The availability of and access to food requires resilient food systems and value chains.
Food security is directly influenced by climate variability and, increasingly, by climate change. Periods of heavy rainfall, for example, can reduce crop yields and destroy critical infrastructure. Although some countries have established early warning systems to predict and prepare for periods of food insecurity caused by such events, overall, their current policies and measures tend to be reactive rather than preventative. This reactive approach is the result of limited knowledge about the underlying factors that enable food systems and communities to absorb climate shocks and stresses without undergoing emergency situations. For food systems and communities to be truly food secure and climate resilient, we require both a better understanding of these underlying factors and new ways to monitor how they change over time.
We seek to improve climate resilience and food security through an understanding of the factors that influence the resilience of food systems to climate shocks and stresses. Our experts develop practical indicators to monitor such factors at both the community and national levels. We also work with governments and communities to improve our understanding of how policies affect the climate resilience of food systems.
Foreign Investment in Decline: An opportunity for more responsible and sustainable food systems
UNCTAD predicted last month that COVID-19 would cause a 40% drop in foreign direct investment (FDI) in 2020. Developing regions will be the worst hit given their heavy reliance on extractive industries and global value chains, which have been impacted by the pandemic. A dramatic drop in FDI could worsen the situation and lead to a race to the bottom as low- and middle-income countries compete for dwindling levels of FDI in agriculture.Read More
Mapping Policy for Solar Irrigation Across the Water-Energy-Food (WEF) Nexus in India
How are India's off-grid solar pump policies affecting the water–energy–food nexus? This paper maps out impacts and the key policies that are driving them.Read More
How Can Sustainability Standards Contribute to Empowering Women’s Food Security?
Food security is an intersectional issue and development organizations can use voluntary sustainability standards (VSSs) to contribute to empowering women’s food security in agriculture.Read More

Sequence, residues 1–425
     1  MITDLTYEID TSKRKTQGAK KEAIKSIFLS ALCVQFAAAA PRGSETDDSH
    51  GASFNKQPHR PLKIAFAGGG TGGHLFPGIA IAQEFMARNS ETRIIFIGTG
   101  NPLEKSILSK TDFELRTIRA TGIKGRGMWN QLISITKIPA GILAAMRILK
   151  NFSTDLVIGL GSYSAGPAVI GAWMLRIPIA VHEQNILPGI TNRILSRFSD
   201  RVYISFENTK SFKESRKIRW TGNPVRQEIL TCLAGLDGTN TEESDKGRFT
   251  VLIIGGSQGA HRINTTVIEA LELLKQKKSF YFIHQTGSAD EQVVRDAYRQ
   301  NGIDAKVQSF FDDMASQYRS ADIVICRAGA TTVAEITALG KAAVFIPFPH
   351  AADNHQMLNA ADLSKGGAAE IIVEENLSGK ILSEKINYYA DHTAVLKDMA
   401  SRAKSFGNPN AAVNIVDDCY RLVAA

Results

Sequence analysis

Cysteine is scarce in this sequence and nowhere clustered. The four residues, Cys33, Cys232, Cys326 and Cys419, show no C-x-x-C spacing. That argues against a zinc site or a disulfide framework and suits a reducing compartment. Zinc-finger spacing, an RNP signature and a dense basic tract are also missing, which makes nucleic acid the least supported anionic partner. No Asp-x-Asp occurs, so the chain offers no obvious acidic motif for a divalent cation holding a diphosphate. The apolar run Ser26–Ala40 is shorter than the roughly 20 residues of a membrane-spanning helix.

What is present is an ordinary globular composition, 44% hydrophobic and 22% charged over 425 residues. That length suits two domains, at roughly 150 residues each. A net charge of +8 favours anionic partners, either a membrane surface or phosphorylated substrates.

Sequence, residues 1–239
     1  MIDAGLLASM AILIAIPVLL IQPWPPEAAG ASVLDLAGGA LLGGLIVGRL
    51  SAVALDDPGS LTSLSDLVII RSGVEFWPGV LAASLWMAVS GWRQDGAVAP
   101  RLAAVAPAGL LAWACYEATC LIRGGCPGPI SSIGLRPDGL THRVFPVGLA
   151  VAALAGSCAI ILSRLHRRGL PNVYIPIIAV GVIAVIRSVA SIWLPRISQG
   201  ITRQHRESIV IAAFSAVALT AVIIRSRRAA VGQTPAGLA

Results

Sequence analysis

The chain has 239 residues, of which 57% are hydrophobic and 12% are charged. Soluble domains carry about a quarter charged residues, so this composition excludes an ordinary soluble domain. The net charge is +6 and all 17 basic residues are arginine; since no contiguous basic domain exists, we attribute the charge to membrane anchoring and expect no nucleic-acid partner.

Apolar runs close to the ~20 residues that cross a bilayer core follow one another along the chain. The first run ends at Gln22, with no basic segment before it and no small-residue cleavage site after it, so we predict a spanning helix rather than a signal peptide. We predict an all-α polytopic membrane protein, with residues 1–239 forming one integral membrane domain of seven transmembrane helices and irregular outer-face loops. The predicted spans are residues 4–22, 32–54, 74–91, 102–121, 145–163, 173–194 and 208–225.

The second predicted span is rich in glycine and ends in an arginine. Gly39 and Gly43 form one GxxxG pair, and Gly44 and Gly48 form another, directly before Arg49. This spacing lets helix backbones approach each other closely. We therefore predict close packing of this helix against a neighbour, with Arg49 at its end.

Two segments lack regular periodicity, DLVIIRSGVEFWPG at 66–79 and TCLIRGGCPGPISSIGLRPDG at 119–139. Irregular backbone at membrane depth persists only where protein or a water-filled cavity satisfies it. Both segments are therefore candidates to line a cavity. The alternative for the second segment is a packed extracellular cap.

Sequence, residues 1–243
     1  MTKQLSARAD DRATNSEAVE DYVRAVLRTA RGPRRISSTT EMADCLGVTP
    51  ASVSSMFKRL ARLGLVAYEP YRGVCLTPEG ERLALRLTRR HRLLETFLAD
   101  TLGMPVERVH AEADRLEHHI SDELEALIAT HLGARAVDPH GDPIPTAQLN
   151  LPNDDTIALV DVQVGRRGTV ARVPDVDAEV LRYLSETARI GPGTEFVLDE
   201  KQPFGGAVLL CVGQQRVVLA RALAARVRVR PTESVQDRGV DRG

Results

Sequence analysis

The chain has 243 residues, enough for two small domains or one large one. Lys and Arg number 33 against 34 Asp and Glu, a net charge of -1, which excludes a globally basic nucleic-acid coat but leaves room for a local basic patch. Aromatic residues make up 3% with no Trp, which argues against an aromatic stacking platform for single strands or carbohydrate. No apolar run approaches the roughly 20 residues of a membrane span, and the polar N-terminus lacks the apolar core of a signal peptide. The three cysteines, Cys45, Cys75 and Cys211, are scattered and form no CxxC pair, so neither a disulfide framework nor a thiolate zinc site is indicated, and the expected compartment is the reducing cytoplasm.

Why Financing Rural Infrastructure Is Crucial to Achieving Food Security
Financing infrastructure, including roads, storage and localized energy grids, will help provide food security for the millions of people living in hunger worldwide.Read More
How IISD Is Contributing to Inclusive, Global Food Security
We are proud to announce the Canadian Food Security Policy Group (FSPG) recently confirmed IISD as an associate member.Read More
Contract Farming: Challenges and a new tool for success
IISD and FAO have developed a Model Agreement for Responsible Contract Farming to help farmers and responsible buyers address the shortcomings of contract farming.Read More
Can Food Labelling Improvements Reduce Obesity? Belgium Says Yes.
OECD countries have an obesity problem, but the early results of food label change offer hope.Read More
NAFTA Agriculture Clash Distracts From More Important Conversation: Sustainability
Following the NAFTA negotiations has been like riding a roller coaster, holding your breath because you don’t know what shock might be coming...Read More
Could a U.S.–China Trade War Lead to a New Wave of Land Grabs?
A trade war could force China to search for new frontiers to secure its soybean demand and protect its supply chains, leading to another wave of so-called “land grabs.”Read More
Effective Public Investments to Improve Food Security
The world has made significant progress in reducing hunger over the past decade. But hunger remains a major challenge. This policy brief identifies the most effective and efficient ways to invest in improving food security.Read More